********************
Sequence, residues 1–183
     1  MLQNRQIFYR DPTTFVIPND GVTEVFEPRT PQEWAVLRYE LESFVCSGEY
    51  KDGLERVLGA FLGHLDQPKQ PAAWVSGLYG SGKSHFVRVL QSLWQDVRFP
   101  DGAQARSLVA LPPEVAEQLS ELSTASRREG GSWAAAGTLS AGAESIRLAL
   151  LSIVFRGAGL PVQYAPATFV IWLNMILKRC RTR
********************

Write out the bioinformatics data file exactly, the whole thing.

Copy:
Sequence, residues 1–183
     1  MLQNRQIFYR DPTTFVIPND GVTEVFEPRT PQEWAVLRYE LESFVCSGEY
    51  KDGLERVLGA FLGHLDQPKQ PAAWVSGLYG SGKSHFVRVL QSLWQDVRFP
   101  DGAQARSLVA LPPEVAEQLS ELSTASRREG GSWAAAGTLS AGAESIRLAL
   151  LSIVFRGAGL PVQYAPATFV IWLNMILKRC RTR